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Chapter 3 Of Industrial Relations (Amendment) Act 2015 “Unconstitutional” – High Court Rules

The Sectoral Employment Order for Electrical Contracting Sector made pursuant to Chapter 3 of the Industrial Relations (Amendment) Act, 2015 declared invalid.

Background: The judgment of the Supreme Court in McGowan v Labour Court [2013] IESC 21, where it was held that the ‘registered employment agreements’ under the 1946 Act were unconstitutional, led to the enactment  of the Industrial Relations (Amendment) Act 2015 (“2015 Act”). Chapter 3 of the 2015 Act provided for passing of the Sectoral Employment Orders (“SEO”) for a specific economic sector. This decision related to the SEO for Electrical Contracting Sector which regulated the remuneration, pension schemes and sick pay schemes for electricians working in the Construction Industry.

Facts: The procedure for this SEO commenced in October 2018, when a request was made to the Labour Court to examine the terms and condition relating to the remuneration, sick pay and pension schemes of the workers in the ‘electrical contracting sector’. Two applications were submitted to the Labour Court,  the first application was on behalf of the Connect Trade Union; and the second application was made jointly by 2 employers’ organisations (a) Electrical Contractors Association (“ECA”) and (b) Association of Electrical Contractors of Ireland (“AECI”), which were treated as a joint application. The written submissions and SEOs drafted separately by the trade union and the employer’s organisations were submitted to the Labour Court for review and consideration.

National Electrical Contractors Ireland (“NECI”) participated as an interested party and submitted that the SEO was financially ‘unsustainable’. The Labour Court convened a hearing on the 14th March 2019 and subsequently made reports and recommendation to the Minister for Business Enterprise and Innovation (“Minister”) that the SEO reflected accurately the terms of national collective agreement. NECI received a copy of the Report and Recommendation on 21st June 2019, by which date, NECI had already instituted the judicial review proceedings.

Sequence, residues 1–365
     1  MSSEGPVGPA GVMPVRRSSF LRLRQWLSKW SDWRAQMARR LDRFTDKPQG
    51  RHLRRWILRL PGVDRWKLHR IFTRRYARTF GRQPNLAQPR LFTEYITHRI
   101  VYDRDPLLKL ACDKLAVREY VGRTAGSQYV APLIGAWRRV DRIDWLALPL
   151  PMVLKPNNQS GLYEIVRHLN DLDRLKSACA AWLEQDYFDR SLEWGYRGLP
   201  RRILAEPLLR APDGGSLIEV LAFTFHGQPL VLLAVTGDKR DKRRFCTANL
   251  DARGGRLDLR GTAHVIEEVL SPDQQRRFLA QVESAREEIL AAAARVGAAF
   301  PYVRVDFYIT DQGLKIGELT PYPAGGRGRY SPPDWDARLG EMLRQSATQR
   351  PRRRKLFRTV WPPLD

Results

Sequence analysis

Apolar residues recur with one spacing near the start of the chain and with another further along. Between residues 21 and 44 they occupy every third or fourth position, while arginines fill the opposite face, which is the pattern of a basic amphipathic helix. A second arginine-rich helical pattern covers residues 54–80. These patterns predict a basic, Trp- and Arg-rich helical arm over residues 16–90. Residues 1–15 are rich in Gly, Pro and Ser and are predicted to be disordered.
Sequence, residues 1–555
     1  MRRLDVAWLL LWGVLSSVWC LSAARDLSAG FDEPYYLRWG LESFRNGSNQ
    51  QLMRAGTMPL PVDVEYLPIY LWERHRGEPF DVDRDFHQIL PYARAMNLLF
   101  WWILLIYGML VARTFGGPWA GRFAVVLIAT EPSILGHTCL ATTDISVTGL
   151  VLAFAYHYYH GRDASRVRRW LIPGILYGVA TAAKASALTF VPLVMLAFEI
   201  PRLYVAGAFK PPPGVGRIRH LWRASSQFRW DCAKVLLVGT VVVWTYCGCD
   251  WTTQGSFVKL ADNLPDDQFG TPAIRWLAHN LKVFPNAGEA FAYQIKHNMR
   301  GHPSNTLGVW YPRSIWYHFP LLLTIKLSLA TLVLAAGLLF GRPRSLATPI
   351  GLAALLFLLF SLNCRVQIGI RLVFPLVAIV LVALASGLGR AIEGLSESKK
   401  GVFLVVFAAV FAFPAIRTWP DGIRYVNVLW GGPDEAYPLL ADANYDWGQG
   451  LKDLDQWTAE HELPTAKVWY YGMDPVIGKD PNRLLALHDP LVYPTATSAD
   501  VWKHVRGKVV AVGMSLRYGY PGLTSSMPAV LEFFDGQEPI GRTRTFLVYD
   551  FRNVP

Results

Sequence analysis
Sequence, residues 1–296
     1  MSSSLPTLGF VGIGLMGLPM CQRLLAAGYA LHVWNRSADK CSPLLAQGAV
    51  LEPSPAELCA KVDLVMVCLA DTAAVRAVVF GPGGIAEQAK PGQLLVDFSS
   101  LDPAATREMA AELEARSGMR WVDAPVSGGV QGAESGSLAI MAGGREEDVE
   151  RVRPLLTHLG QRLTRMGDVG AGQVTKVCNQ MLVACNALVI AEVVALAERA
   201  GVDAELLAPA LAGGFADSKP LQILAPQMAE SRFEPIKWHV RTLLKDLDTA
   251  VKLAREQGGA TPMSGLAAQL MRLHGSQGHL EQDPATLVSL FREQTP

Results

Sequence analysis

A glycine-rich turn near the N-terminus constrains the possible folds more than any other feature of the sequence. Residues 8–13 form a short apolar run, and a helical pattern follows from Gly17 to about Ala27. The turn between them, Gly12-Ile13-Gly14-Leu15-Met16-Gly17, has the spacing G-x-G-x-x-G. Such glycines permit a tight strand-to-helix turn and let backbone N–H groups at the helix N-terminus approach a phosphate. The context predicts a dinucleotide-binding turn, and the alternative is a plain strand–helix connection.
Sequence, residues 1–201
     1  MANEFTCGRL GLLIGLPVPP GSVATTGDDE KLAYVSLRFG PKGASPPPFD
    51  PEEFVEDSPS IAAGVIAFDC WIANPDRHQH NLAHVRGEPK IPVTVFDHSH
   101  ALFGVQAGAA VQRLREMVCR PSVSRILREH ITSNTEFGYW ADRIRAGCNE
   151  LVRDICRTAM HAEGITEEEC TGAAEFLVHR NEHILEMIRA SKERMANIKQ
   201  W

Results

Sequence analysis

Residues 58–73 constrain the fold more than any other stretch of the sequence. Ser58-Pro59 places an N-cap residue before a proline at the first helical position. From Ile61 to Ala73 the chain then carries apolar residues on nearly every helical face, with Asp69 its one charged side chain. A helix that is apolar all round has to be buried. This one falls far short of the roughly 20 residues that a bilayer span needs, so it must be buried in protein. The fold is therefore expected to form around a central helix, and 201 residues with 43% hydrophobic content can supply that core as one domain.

Preliminary Issue and Findings: The procedure and outcome of the application of Chapter 3 of the 2015 Act was challenged on both non-constitutional related and constitutional grounds. The preliminary issues were (a) whether the Labour Court had the jurisdiction to define the limits of the economic sector itself; and (b) if it did, did it act lawfully in this case?

Non-Constitutional Grounds: Regarding the preliminary issue concerning Labour Court’s jurisdiction, the High Court held that the Labour Court had the discretion to define the economic sector itself as the legislation required it to specify the class, type or group of workers to which the recommendation would apply to.

In determining the Labour Court’s compliance with Chapter 3, Justice Simons noted that the statutory report and recommendation was deficient, where it failed to record conclusions on crucial matters or to set out a proper summary of the submissions made by the interested parties, for the Minister to consider. Therefore, the Minister could not have been satisfied with the Labour Court’s compliance of Chapter 3.

Justice Simons further noted that the recommendations in respect of pensions were invalid as rate of pension contribution payable was referenced to the actions of a third party, which undermined the legal certainty of the SEO and breached the principle delegatus non potest delegare, which means a delegate cannot further delegate.

Justice Simons concluded that the Minister upon receipt of the recommendation should have refused to make the SEO and hence acted beyond his powers in making the SEO.

Constitutional Grounds: Justice Simons pointed out that the concept of “fair and sustainable” remuneration was hopelessly vague and too subjective. He further noted that Chapter 3 of the 2015 Act involved a standard-less delegation of law-making to the Minister, which would be almost impossible to challenge by way of judicial review and hence the parent legislation is invalid by reference to Article 15.2.1o of the Constitution.

Decision: Chapter 3 of the 2015 Act was held to be unconstitutional and struck down, which renders the SEO invalid. Separately, the SEO was deemed to be invalid on the grounds that the Minister acted outside of the legislation when making the SEO.

Takeaway for the Employers: This judgment will have a knock on impact on the SEO for construction workers. Therefore, employers in these sectors will no longer have to comply with the rates of pay set out in these SEOs for any new employees or renewal of fixed term contracts. However, employers will have to continue to comply with those rates for existing employees as such rates will form part of the existing employment contract. Employers should be mindful that this decision may be appealed and should keep themselves updated before making any changes to their current terms and conditions of employment .


Authors – Anne O’Connell & Chaitra Girish Mallya

Anne O’Connell Solicitors

Fitzwilliam Hall

Fitzwilliam Place

Dublin 2


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